The Intermediate frequency of most broadcast FM radios and many other VHF receivers is 10.7MHz. A shortwave radio can be tuned to this frequency and one can hear the station a nearby FM radio is tuned to. Even though the sound is severely distorted, it can be used to diagnose a receiver (verify that the IF signal is present).
Part of the radio spectrum is reserved for Industrial, scientific and medical applications (ISM bands). The original intention is that these frequencies can be used for applications of radio frequency energy other than communication. for instance heating things up. The most well-known such application is probably the microwave oven on 2450MHz. Because these bands are potentially full of interference, they are not used for professional communications, but all kinds of short range or low power communications are often tolerated in these bands, for which no frequencies are reserved. Therefore we got Wifi and Bluetooth in the 2450MHz band.
There is also a very narrow ISM band around 13.56MHz and today this is mainly used by RFID chips. While this frequency could have been used for world wide shortwave communication, RFID is the exact opposite. Communication distances are measured in centimeters (sometimes in meters). Antenna sizes inside the RFID tag are also measured in centimeters and hence are extremely short compared to the wavelength. Communication is therefore achieved more by inductive and capacitive coupling than by radio waves in free space. It is definitely near field communication. The chips have to run on whatever little power they can extract from the signal picked up by their antennas. They have to use that power to transmit the response as well.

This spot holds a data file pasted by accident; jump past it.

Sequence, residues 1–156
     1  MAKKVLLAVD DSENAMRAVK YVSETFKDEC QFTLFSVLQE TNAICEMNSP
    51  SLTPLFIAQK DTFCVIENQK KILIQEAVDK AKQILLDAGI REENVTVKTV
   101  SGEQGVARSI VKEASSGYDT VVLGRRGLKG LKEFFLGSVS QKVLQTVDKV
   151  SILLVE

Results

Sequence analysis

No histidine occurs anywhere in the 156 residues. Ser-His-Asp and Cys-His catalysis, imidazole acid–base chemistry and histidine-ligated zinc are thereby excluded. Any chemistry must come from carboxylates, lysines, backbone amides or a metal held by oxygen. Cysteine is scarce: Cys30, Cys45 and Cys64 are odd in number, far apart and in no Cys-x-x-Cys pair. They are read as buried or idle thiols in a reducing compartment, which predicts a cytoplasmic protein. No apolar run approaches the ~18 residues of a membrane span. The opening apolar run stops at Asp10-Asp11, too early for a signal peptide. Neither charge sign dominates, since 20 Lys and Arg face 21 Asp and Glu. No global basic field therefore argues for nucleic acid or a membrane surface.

In the beginning of radio, all messages were transmitted with morse telegraphy. This is comparatively slow and it requires skilled operators, both for transmitting and for reading. Teletypes are electric typewriters that transmit over a line each key typed on them and that can type onto paper each code received from the line. If two teletypes are connected to each other by a wire (e.g. a telephone line). everything typed on one machine will be printed on the other machine. Teletypes have existed since the early 20th century. Even though teletype machines were completely electromechanical (no electronics inside), the signalling is remarkably similar to RS232, albeit with only five bits per character and with much higher voltages. Even today, serial ports on computers can be configured to transmit with five bits per character and at the same speed (but not the same voltages) as teletypes.